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CEE will be hit first by EU’s labour shortage, new report warns

The ‘tipping point’ at which labour demand will become equal to labour supply in the EU – that is, when labour will become a constraint on economic growth – is now imminent, the Vienna Institute for International Economic Studies (wiiw) has warned in a major new study, EU Faces a Tough Demographic Reckoning.

If current trends continue, most EU countries will hit this ‘tipping point’ during the next decade, many by 2025. Vacancy rates and surveys of employers find that firms in some sectors are already facing severe labour constraints on production.

The Vienna Institute warns that most of CEE will be hit first, not least because they are still losing so many workers to Western Europe. For Western Europe, however, the situation will also become difficult soon, especially for Germany.

“This is an enormous challenge for policy-makers, and will become even more so in the future,” claim wiiw’s economists. “Policy options to counter demographic trends can be split into four main areas: higher productivity, immigration, activity rates, or fertility. However, none is a silver bullet. Even if all of these policies are pursued successfully and in combination, they are unlikely to fundamentally alter the picture.”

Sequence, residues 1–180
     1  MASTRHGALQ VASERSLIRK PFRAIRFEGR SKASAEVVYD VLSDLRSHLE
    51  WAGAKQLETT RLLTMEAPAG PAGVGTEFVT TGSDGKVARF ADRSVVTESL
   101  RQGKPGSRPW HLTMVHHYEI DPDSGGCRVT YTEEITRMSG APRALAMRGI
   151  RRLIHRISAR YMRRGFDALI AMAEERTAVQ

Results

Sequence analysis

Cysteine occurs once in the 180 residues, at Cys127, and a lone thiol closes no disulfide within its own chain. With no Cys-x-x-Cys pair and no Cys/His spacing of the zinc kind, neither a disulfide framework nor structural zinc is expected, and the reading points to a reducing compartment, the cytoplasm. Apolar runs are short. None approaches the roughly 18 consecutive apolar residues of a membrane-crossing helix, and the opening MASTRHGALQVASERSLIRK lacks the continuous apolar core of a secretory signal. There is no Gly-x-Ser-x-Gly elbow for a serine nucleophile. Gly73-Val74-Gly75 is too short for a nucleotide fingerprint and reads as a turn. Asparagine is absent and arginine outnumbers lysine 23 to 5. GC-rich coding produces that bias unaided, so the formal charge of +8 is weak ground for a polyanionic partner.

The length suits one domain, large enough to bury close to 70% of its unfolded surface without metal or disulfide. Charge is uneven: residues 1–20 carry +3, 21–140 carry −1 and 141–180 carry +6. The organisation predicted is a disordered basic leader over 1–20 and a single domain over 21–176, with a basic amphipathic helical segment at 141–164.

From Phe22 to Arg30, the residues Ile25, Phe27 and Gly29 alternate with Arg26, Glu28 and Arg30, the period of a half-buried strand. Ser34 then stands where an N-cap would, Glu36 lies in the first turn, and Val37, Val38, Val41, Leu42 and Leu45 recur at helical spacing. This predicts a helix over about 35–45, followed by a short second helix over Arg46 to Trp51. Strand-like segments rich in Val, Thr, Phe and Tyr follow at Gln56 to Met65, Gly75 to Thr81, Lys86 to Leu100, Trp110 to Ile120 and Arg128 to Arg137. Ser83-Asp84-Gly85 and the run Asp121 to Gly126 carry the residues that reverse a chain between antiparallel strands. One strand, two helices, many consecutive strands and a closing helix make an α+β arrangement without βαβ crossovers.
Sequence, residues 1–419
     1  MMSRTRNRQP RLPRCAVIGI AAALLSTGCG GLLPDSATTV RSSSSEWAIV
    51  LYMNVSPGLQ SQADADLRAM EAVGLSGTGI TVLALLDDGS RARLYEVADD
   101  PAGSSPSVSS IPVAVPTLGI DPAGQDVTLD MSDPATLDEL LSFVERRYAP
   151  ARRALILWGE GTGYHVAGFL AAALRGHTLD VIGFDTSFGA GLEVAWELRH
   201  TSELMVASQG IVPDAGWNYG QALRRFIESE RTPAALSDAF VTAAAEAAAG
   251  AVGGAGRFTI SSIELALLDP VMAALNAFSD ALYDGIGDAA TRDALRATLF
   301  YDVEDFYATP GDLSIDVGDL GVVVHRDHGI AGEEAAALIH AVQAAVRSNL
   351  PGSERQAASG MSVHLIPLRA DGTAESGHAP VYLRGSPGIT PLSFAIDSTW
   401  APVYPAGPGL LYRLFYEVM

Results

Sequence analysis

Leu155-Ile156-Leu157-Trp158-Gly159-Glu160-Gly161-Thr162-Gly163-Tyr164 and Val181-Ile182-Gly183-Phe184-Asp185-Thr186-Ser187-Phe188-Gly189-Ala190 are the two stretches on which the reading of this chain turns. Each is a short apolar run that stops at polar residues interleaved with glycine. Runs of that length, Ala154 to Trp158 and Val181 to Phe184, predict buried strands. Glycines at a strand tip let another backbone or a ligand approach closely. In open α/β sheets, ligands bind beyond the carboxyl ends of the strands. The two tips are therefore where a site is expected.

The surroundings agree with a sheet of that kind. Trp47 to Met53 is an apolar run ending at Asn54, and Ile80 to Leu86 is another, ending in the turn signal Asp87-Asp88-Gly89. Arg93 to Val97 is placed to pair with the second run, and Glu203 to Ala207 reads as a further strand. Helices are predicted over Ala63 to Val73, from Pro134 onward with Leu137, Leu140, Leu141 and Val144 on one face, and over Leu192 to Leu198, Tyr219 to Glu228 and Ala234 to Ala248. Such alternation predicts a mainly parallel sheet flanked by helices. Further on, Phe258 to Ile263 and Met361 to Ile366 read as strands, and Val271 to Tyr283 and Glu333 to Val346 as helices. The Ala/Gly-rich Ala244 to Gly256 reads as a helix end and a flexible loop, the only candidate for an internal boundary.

However, wiiw adds that the implications of this demographic decline do not have to be all negative.

“Combined with intelligent upgrading of infrastructure and investment in productivity-enhancing improvements in industry, there is no reason that these population trends cannot go hand-in-hand with increases in per capita GDP and living standards. Much can be learned from Japan in this regard,” the report argues.